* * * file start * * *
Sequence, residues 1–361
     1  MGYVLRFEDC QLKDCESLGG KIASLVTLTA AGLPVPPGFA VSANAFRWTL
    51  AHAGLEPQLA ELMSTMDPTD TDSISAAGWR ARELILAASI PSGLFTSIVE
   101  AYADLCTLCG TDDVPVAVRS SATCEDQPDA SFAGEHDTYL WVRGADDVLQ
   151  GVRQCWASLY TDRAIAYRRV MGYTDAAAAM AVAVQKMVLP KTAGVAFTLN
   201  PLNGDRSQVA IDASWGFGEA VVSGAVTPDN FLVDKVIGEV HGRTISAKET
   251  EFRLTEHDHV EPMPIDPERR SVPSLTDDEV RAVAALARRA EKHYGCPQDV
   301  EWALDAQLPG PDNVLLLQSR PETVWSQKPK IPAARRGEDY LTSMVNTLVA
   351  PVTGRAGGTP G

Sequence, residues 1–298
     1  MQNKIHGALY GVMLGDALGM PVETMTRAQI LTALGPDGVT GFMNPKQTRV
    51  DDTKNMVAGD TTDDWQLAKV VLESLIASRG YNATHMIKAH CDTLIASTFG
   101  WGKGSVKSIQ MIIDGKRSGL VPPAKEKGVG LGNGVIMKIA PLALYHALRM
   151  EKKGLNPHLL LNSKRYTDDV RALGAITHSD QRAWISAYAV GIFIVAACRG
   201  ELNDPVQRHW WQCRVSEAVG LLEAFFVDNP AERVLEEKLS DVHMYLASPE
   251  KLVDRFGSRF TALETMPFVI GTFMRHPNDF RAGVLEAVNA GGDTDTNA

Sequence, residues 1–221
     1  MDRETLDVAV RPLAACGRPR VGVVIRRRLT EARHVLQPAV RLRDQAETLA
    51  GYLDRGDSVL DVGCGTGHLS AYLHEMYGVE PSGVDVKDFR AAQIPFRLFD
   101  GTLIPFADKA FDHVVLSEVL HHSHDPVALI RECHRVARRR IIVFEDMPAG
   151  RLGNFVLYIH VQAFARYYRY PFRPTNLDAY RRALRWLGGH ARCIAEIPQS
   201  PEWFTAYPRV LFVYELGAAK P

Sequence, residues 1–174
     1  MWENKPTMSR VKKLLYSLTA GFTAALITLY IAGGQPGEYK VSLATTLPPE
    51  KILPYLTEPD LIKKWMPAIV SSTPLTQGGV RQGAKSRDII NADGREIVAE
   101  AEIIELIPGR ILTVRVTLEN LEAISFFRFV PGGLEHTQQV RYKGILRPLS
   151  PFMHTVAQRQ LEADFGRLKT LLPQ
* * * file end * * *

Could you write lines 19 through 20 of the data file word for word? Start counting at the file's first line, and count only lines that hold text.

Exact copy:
    51  GYLDRGDSVL DVGCGTGHLS AYLHEMYGVE PSGVDVKDFR AAQIPFRLFD
   101  GTLIPFADKA FDHVVLSEVL HHSHDPVALI RECHRVARRR IIVFEDMPAG